Ruben’s story may be as oddly illogical as any of his nightmares, but the animation here is a dreamy delight.
    • 66 Metascore
    • 75 Kate Taylor
    With strong performances in a scheme of both sensible updates and clever revivals, Mary Poppins Returns is as impressive as the 1964 version it joyfully recalls – except in one key area.
    • 60 Metascore
    • 50 Kate Taylor
    Perhaps you can accuse all historical fiction of presentism, the sin of applying contemporary values to historical events. Why does the past interest us if not for the comparisons it provides with the present? But with the example of "The Favourite’s" wittily anachronistic romp through the 18th-century court of Queen Anne so fresh at hand, it is hard not to judge the earnest Mary Queen of Scots for its ignorance of the problem.
    • 68 Metascore
    • 50 Kate Taylor
    As Kurt finds his true art in the West, thanks to the help of a fictional version of Joseph Beuys, the film turns gripping, but it ultimately reduces art appreciation to the autobiographical.
    • 76 Metascore
    • 75 Kate Taylor
    The results are highly affecting – so much so, that viewers who suffer from motion sickness may find the film hard to watch. If the approach feels empathetic rather than pretentious, it’s thanks to a crucial anchor: Willem Dafoe’s subtle and humble performance conjures a pitiable van Gogh, shredded by doubt and estranged from people, yet urgently aware of his painterly vision.
    • 76 Metascore
    • 75 Kate Taylor
    For all its successful debunking of the market, there isn’t enough of this prickly love in The Price of Everything.
    • 51 Metascore
    • 50 Kate Taylor
    A critic needs only two words to dispense with The Grinch; the first one is bah.
    • 82 Metascore
    • 100 Kate Taylor
    Both leads fit their performances seamlessly into this destabilizing scheme, providing a provocative timelessness to the characters.
    • 53 Metascore
    • 75 Kate Taylor
    So, the safely scary and often amusing formula holds. Meanwhile, the movie’s conclusion includes enough plot about Stine’s fate to suggest Goosebumps 3 will feature more of the elusive Black and that can only be a good thing.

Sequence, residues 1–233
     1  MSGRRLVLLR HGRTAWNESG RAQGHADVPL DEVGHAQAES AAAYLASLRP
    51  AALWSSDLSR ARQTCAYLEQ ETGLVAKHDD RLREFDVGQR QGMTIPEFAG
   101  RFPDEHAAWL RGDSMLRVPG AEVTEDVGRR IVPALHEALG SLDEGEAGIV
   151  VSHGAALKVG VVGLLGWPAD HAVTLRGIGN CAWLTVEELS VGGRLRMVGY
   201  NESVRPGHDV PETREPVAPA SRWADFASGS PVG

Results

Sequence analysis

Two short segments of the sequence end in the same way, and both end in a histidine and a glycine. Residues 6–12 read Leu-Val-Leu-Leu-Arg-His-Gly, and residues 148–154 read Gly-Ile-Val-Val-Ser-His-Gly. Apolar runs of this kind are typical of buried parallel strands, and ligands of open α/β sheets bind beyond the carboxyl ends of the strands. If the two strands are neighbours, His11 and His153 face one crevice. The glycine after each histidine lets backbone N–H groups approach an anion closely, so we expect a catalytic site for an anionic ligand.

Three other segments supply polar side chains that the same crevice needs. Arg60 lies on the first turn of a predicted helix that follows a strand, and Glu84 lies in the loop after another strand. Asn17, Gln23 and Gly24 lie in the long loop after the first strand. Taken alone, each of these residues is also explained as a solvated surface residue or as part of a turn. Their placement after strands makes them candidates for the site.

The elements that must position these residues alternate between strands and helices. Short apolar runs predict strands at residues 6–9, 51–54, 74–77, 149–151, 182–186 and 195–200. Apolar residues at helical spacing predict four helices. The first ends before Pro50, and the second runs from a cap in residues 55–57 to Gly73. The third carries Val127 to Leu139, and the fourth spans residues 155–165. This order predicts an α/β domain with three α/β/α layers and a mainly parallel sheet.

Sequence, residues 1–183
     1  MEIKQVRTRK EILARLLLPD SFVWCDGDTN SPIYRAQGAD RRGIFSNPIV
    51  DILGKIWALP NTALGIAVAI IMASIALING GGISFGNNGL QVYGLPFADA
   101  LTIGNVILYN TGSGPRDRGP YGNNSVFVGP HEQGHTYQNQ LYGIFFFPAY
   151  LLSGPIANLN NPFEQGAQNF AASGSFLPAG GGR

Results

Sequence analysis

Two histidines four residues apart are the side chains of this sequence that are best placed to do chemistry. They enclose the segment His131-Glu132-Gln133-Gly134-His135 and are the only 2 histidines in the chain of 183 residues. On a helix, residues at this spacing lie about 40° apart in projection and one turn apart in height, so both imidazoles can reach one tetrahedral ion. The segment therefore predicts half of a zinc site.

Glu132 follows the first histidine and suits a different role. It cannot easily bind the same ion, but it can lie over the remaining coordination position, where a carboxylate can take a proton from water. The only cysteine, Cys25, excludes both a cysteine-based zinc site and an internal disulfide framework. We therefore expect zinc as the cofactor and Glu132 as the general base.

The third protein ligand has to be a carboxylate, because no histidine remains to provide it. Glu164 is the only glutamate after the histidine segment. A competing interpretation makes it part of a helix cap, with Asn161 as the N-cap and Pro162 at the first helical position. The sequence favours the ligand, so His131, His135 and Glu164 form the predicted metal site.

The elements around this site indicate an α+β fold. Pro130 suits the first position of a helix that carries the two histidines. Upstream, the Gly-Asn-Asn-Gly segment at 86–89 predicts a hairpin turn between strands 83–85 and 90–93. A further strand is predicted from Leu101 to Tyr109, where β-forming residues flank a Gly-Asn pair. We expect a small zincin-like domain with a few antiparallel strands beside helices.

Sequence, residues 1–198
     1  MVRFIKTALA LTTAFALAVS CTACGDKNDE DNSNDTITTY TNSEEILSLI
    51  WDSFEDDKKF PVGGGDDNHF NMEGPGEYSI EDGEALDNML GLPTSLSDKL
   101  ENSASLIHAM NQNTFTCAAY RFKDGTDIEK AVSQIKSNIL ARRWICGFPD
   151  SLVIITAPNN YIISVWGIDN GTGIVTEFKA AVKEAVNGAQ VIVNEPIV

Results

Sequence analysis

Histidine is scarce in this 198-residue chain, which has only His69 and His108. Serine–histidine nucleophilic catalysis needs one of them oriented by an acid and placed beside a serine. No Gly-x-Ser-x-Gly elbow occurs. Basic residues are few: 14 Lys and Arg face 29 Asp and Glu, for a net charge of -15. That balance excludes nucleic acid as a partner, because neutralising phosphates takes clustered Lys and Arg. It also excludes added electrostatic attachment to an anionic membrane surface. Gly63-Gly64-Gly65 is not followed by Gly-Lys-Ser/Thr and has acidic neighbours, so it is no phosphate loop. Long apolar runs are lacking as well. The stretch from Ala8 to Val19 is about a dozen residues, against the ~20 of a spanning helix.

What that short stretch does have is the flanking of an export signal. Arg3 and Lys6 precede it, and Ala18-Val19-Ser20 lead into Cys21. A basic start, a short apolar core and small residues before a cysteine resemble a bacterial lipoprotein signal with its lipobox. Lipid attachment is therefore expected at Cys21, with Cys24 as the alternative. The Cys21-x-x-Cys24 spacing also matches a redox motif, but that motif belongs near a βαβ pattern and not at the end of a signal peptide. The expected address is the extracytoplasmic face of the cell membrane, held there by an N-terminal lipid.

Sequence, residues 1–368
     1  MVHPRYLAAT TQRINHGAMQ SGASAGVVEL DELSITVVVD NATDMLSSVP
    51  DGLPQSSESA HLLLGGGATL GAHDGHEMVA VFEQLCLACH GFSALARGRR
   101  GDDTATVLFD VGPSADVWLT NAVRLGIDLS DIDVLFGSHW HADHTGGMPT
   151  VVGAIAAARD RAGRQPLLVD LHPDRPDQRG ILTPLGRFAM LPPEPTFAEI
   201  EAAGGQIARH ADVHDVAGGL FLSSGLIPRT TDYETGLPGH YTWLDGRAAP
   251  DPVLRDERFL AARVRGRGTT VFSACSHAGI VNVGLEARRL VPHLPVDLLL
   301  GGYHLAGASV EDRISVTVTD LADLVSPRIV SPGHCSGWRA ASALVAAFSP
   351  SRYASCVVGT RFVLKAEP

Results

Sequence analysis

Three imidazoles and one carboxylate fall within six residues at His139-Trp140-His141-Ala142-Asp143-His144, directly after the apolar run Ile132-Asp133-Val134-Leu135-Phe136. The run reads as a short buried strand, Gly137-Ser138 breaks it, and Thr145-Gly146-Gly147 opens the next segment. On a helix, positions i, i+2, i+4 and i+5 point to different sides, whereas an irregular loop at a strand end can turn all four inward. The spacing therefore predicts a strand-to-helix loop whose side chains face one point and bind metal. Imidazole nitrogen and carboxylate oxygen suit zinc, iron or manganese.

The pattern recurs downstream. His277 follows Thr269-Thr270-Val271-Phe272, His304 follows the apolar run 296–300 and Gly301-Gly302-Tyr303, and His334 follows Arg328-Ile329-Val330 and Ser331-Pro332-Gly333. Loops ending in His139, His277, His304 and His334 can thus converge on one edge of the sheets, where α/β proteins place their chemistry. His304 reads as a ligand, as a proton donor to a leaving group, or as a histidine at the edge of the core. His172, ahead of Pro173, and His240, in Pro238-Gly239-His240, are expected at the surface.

• 59 Metascore
    • 75 Kate Taylor
    There are only two erotic scenes between the two women, and Macneill, Sevigny and Stewart handle them with conviction: For all the horror of her situation, Lizzie needed some larger motivation to wield her axe. Lizzie dramatically provides it.
    • 74 Metascore
    • 63 Kate Taylor
    Love, Gilda reveals this but does not probe it. With various soft and admiring interviews, it relies mainly on Radner’s own words to hint at how dark things got.
    • 62 Metascore
    • 50 Kate Taylor
    Hansen-Love’s ability to evoke the unspoken remains in full play as she returns to themes of young love and emotional crisis, but much of the film is in English and both dialogue and delivery feel stilted. Meanwhile, it’s never clear why being the object of a youthful crush might be a good cure for PTSD.
    • 55 Metascore
    • 63 Kate Taylor
    The core trio are smooth and amusing in their roles, but the larger plot is filled with painful stereotypes, from a tough female cop to various black gangsters. Meanwhile, as the sympathetic criminals try to outwit police, the social theme remains unfocused – despite heartfelt pleas for street people, especially the homeless Inuit of Montreal.
    • 49 Metascore
    • 50 Kate Taylor
    Part police procedural, part supernatural thriller, part lesson in metaphysics and all neo-noir, Carol Morley’s Out of Blue never gels into a convincing whole.
    • 53 Metascore
    • 75 Kate Taylor
    The apocalyptic vision of the heartland created by Sutton and his cast (based on the novel by Frank Bill) is impressively convincing, even if the themes are often overstated and the film itself is very hard to watch.